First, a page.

According to the RISK product website, the following are some suggested strategies to be a winner at the board game of RISK. The rules are very similar to the ones for the trading game of RISK played on Wall Street.

Focus on the goal and the objective

In the board game of RISK, the goal is total world domination, no mercy.

The goal is the same in Wall Street trading. This is not a charity game. It’s a chew ‘em up and spit ‘em out, high stakes game where the winners win big and losers are toast.

You must grow to win

In the board game of RISK, you must grow a large army and accumulate large capital to conquer the world.

In the trading game of RISK, you must also grow large. By doing so, you earn friends in the government who will overlook your unfair advantage, and you gain insider access to make smart financial moves powered by knowledge while the little guys go down in flames.

Make large attacks

Making small attacks in the board game of RISK is worthless. You need to make big, large scale attacks to win. The risk is higher, but the payoff is worth it.

In the trading game of RISK the rule is the same. Small trades with little risk are worthless. Why? Because traders make money in the form of bonuses based on the size of the trade. As the Time article states: “As with everything else on Wall Street, the rise of the CDO had to do with bonus checks. Traders' pay was based not just on how much money they made for the firm but on the size of the bet.” In other words, traders have financial incentive to take bigger risks and are discouraged from playing it safe.

Don’t hesitate to eliminate a player from the game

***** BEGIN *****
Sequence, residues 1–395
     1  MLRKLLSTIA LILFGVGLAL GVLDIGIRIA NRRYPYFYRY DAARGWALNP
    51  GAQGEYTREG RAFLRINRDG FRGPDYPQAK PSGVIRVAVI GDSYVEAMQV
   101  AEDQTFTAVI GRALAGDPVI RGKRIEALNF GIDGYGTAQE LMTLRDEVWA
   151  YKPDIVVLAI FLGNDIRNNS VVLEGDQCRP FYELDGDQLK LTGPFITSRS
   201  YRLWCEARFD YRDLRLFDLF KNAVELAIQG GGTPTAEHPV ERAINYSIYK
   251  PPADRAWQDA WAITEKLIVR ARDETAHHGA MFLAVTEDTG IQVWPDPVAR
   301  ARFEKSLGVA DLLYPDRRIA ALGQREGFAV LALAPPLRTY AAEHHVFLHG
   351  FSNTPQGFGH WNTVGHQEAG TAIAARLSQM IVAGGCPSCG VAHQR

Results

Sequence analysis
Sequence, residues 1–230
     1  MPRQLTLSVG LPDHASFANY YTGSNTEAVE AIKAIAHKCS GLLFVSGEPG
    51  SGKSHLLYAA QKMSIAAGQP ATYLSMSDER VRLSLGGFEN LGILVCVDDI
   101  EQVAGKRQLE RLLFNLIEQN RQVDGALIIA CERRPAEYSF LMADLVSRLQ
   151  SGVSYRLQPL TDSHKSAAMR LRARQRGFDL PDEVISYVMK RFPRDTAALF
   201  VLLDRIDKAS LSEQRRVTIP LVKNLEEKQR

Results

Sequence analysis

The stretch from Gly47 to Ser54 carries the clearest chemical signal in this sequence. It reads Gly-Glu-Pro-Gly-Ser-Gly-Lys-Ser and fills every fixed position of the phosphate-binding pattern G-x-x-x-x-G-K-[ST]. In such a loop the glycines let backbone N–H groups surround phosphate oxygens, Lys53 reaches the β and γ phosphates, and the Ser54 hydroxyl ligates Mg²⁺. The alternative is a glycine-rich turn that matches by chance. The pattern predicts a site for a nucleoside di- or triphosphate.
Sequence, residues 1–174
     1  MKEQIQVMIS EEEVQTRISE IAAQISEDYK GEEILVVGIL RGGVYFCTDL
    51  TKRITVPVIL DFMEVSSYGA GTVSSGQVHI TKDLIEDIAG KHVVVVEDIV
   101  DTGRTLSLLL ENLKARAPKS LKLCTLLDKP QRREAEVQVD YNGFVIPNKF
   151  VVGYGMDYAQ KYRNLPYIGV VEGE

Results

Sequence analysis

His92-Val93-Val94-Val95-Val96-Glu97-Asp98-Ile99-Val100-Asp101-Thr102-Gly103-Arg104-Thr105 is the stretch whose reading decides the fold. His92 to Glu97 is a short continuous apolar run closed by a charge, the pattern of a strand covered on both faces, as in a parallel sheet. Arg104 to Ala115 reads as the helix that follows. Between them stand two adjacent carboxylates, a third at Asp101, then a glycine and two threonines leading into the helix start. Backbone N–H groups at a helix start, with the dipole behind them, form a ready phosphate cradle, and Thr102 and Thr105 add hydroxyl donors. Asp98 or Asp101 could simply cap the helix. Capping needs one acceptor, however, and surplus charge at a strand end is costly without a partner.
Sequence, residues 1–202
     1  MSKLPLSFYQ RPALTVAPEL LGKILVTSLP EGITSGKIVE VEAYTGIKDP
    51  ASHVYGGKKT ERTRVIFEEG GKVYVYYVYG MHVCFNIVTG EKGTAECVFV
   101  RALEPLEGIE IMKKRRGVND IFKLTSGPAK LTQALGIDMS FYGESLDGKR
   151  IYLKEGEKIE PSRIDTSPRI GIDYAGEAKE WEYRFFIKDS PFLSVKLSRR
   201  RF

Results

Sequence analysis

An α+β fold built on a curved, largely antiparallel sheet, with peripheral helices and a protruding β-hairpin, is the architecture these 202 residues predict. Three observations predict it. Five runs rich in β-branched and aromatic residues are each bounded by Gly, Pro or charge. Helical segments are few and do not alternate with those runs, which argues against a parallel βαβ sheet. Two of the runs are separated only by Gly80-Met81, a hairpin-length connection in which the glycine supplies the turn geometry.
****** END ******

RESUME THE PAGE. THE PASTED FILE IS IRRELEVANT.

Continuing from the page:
When you’re playing the board game of RISK, there’s no room for mercy. Whether it’s your best friend from childhood or a random stranger, you have to treat all opponents the same—you have to take them out whenever you have the chance.

The same holds true on Wall Street. As the old adage goes, “There are no victims on Wall Street, just fools.” Traders are merciless and will sacrifice you, me, the whole economy to make a buck for themselves and for their firm. They don’t have your best interests at heart—they have theirs.

Know the map

The game of RISK website says this about the game: “New players are fresh meat with huge egos.” I translate that as, “People who don’t know the rules of the game will be eaten alive.”

The same holds true for the trading game of RISK. Those who have a low financial intelligence, who live by the old rules of money, will be eaten alive by the traders on Wall Street.

I want to see you win. In order to do so, you must understand the rules of the game. The only way to understand the rules is to increase your financial IQ. For instance, now that you know the rules of Wall Street, you can begin to learn how to play by those rules. That may mean learning how to be a trader. Rich Dad offers classes on technical trading and expert coaching on trading through our Rich Dad Education and Rich Dad Coaching programs. You may want to take advantage of those resources in the “Coaching and Education” section of this website.

I encourage you to stop playing by the old rules of money, and to instead educate yourself financially. Understand that the only person who can save you financially—is you. You can’t rely on the other players because their objective is to win—at the cost of you losing. You must rely on yourself and your mind. That’s why I preach that Knowledge is the New Money. You can only win if you understand how to play.

Original publish date: April 27, 2010